But again, there’s a learning curve — getting enough expertise will take some time. And if you need complex programming to add additional functionality to your app, some serious skills are required, code or no code involved.
Also, low-code development doesn’t completely eliminate the need to hire a developer, but it can immensely support your dev team and let them focus on creating solutions for complex business processes.
And while you can take the time and effort to build a mobile app in a no-code platform, the technical side of an app is only one part of the story.
To build, release, and maintain a successful mobile application, you’ll need experience in idea validation, data analytics, and product design just to name three.
A mobile app agency brings experience galore to the table. You get the expertise of people who went through the process of idea validation many times before and know what to do to make an app pick up on the market — sometimes do it without writing a single line of code.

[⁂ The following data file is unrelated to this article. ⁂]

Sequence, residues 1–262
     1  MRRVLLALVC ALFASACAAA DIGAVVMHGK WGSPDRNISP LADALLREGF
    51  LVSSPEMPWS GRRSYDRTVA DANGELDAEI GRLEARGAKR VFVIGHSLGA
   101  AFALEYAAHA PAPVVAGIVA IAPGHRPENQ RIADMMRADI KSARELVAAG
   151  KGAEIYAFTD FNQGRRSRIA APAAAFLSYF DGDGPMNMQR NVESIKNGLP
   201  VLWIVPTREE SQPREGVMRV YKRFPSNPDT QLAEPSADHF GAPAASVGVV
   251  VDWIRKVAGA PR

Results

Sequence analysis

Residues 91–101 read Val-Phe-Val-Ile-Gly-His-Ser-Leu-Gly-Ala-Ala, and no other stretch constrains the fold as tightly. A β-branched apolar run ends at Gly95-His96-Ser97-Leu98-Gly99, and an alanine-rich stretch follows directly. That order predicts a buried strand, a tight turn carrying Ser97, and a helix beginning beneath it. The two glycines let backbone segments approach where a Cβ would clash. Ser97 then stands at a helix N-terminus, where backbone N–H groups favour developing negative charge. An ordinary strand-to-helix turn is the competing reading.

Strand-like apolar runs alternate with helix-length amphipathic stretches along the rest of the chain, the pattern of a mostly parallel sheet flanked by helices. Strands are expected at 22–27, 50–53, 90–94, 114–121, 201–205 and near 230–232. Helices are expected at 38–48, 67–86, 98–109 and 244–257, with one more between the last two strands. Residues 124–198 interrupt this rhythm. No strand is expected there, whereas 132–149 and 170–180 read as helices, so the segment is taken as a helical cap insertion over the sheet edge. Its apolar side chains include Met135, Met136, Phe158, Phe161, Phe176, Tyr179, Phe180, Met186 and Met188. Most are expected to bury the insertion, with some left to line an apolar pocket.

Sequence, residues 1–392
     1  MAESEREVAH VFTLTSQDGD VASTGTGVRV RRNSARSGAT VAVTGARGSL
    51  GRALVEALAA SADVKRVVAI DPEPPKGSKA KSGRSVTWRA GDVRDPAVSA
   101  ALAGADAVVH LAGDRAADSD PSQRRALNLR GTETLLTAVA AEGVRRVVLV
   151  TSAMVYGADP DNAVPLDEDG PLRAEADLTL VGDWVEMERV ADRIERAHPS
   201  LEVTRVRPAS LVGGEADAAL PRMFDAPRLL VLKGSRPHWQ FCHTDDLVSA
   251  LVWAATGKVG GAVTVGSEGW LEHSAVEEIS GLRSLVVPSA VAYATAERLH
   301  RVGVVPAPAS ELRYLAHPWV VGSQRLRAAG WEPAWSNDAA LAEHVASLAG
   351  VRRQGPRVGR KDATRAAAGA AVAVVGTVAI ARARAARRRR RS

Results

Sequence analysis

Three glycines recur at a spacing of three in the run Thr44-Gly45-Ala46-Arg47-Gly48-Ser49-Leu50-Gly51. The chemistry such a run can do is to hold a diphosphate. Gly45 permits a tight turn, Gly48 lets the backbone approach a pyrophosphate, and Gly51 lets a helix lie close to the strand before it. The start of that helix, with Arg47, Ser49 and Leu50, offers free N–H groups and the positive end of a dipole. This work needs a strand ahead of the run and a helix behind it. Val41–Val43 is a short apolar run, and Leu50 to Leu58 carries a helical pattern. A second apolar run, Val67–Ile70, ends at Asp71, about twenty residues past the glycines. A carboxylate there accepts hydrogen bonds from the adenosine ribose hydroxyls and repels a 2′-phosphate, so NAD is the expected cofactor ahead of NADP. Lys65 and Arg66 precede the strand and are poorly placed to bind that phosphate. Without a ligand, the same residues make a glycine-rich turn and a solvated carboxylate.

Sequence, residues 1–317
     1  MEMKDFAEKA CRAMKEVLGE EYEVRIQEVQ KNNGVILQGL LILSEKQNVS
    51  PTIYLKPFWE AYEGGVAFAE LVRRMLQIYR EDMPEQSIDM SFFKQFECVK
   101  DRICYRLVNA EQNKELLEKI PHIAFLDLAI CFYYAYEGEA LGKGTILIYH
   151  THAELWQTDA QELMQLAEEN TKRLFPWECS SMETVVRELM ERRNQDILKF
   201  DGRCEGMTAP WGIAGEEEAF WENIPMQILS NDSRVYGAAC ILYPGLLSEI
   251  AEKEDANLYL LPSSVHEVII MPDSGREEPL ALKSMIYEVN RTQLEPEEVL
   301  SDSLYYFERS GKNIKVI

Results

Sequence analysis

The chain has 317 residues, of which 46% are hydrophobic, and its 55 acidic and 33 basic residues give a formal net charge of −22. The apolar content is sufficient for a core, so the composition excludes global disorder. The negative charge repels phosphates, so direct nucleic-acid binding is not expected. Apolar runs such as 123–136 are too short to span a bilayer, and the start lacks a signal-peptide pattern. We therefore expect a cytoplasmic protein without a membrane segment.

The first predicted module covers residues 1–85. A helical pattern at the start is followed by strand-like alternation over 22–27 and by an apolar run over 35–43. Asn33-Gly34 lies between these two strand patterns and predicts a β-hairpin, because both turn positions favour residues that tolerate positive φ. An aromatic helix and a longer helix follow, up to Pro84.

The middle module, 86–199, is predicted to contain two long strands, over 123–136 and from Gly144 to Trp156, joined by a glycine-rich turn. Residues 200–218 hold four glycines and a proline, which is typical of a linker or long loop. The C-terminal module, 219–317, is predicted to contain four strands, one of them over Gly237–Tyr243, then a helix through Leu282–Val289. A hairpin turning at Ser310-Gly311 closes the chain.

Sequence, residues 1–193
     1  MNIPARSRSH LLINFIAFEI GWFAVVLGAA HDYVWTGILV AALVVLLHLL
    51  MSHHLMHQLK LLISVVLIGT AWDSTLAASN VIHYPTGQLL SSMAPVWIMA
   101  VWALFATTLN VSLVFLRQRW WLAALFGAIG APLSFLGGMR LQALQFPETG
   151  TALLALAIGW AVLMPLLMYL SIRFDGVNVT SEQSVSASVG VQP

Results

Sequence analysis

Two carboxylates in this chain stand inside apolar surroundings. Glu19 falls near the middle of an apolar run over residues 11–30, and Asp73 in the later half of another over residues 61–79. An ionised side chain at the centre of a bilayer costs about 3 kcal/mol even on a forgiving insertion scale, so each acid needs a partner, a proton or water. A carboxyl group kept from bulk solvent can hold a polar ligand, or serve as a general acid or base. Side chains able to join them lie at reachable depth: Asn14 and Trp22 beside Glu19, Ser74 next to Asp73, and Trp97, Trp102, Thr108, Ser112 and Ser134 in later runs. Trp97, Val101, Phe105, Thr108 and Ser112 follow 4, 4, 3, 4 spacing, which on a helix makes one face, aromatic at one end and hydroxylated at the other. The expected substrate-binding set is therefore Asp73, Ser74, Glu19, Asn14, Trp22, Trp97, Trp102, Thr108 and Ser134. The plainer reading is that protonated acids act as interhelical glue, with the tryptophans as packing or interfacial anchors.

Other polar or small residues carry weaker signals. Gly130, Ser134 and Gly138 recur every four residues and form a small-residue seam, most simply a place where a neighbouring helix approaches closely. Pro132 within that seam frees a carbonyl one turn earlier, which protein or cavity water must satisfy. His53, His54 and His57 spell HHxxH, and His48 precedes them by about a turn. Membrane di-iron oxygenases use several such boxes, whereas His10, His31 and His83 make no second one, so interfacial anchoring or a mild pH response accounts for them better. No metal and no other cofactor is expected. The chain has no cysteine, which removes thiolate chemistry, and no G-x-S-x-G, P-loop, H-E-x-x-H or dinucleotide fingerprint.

Still, if you decide to pursue the process of mobile app development on your own, be sure to first validate your idea extensively using tools such as the lean canvas.
You can start with an agency to get your product going. Once it begins to take shape, proceed building an in-house team that will take over the product later.
The upside of outsourcing mobile development is that you can release your app much faster. Building an in-house team involves the lengthy process of recruitment, onboarding, team alignment, and process shaping. It also generates additional expenses for hardware, payroll, office space — if your product fails, you’ll also have to lay people off. With an agency, you just end the contract.